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This article was published 10/2/2019 (195 days ago), so information in it may no longer be current.
Megan Nahachewsky has never had a hard time seeing the bigger picture.
She thinks a few steps ahead, and has been that way since she started taking volleyball seriously. As a result, the picture of her next few years is now crystal clear.
The Virden Golden Bears’ MVP is headed to Thunder Bay, Ont., this fall, to join the Lakehead University Thunderwolves women’s volleyball team.
"We are really looking forward to having Megan join our program," Thunderwolves head coach Craig Barclay said in a press release. "Megan is a very dedicated athlete who brings power and athleticism to our program.
"She left a great impression on the coaching staff when she came to visit, and we know she is a great fit for our program in terms of character and leadership."
Barclay is bang-on. The five-foot-eight outside hitter has been a provincial all-star and graduating all-star in high school, played with Team Manitoba the last two years, and helped the Golden Bears to a silver medal at this year’s Manitoba High Schools Athletic Association AAA girls’ championship tournament.
More importantly, she handled losing the final to the Neelin Spartans with maturity far beyond her 18 years of age.
"I was upset, but I knew there was going to be more," she said. "I just knew it wasn’t my last game, there’s going to be opportunities to win a next-level provincial final.
"Volleyball’s a quick game. I have to say, so is life. You shouldn’t dwell on things that aren’t going your way, but get your momentum to bring yourself back."
In that final, she nearly carried her team all the way back from down 21-6 in the second and deciding set. Nahachewsky piled on a handful of kills and Virden made a 9-1 run to make it 22-15 before Neelin closed it out. She’s a smart, dynamic attacker and sound passer and has shown her ability to step up in big moments.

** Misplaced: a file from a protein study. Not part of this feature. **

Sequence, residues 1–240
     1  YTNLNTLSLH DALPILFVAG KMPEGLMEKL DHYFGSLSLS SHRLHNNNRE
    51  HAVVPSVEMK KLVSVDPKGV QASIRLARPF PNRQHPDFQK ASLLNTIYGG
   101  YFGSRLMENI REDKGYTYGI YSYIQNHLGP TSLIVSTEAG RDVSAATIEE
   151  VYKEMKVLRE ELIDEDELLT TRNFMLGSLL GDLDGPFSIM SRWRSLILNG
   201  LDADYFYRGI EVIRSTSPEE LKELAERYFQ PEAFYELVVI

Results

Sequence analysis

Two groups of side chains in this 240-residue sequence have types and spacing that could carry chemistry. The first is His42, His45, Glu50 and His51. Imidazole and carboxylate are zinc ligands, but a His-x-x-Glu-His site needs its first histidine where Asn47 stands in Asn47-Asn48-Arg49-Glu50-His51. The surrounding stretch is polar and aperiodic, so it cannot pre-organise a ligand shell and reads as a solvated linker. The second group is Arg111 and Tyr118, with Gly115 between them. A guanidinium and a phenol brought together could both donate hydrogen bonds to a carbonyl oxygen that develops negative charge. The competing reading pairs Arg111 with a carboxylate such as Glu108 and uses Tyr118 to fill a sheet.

It became clear high school wouldn’t be the end of her volleyball career long before she had a clue where the sport would take her.
"In Grade 9 I was kind of thinking about what I was going to do after school. I didn’t have a clue, because I was in Grade 9. It clicked after Grade 10," she said. "I always had an instinct in me that I wanted to go farther. Make every practice, go hard, I was really trying as hard as I could to develop as a player and reach the next level."
Picturing life after high school, Nahachewsky saw a frame that extended beyond the gymnasium. Finding a team was more about finding a school aligned with her aspirations of nursing.
She visited Lakeland College in Lloydminster, Alta., with Dauphin’s Sarah Hogue — who will suit up for the Rustlers next season — but can’t take her entire program there. She looked south to Valley City State University in North Dakota, but saw issues with transferring credits back to Canada.
When she visited the Lakehead campus and trained with the team, it clicked.
"All the girls were so welcoming, and so is the coaching staff," Nahachewsky said. "I could take direct entry to nursing and it made way more sense.
"The one thing that really made it for me was the community. It was more like a family kind of feel. And the nursing program there is super great. It made so much sense, it was everything I was looking for."
Nahachewsky should be just fine when it comes to the academic side of university. She says she’s figured out how to solve the issue of procrastination, and her dream of playing U Sports volleyball certainly helped.
"Really driving myself to do things, that was kind of hard," she said. "I’d always think, ‘I have another day to do it.’
"But you need to get into the university so you obviously need to do well in school. You need to have the same kind of drive that you do in volleyball, and that’s kicked in the last two years."
Looking at the on-court situation she’s getting herself into, the Thunderwolves have struggled heavily this year. Sitting last in the Ontario University Athletics’ West conference at 1-14, the team needs help. Still, it might take some time for the Virden product to crack the starting rotation.
"A lot of first-year players have to really work to find their spot on the team," said Nahachewsky, who is playing with the Cats Volleyball Club’s under-18 girls’ team this winter. "It’s something I need to get used to, and it’s fine if that happens. I don’t have an issue with sitting a couple of times.
"I’m super excited about this. In Grade 9 I thought, ‘Do you really want high school to be the end of your volleyball career?’ Obviously my answer was no."
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